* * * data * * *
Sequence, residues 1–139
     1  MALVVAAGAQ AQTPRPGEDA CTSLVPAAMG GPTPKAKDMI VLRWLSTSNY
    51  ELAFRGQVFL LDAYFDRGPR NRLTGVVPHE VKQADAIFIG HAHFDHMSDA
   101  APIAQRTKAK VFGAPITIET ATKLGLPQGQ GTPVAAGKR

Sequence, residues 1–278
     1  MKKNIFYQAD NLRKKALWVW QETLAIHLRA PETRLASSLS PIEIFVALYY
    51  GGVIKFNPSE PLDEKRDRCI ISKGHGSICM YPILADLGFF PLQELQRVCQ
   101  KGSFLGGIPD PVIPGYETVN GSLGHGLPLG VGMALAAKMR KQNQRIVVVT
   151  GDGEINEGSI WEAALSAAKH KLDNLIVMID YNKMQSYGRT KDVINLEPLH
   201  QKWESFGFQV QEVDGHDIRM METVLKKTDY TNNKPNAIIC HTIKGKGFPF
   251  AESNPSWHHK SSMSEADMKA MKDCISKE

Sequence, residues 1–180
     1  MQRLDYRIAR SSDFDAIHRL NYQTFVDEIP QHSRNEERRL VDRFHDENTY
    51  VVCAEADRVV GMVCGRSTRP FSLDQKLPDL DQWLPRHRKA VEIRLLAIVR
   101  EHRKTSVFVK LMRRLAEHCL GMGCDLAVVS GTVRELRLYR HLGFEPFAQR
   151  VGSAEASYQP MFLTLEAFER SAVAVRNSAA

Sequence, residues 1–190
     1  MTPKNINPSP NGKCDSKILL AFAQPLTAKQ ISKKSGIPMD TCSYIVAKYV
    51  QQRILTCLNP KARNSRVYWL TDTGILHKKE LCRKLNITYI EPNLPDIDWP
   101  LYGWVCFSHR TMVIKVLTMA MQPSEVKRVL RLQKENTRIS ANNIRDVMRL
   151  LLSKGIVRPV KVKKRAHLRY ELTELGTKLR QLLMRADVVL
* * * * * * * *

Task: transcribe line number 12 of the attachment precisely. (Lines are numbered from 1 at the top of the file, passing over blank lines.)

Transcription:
Sequence, residues 1–180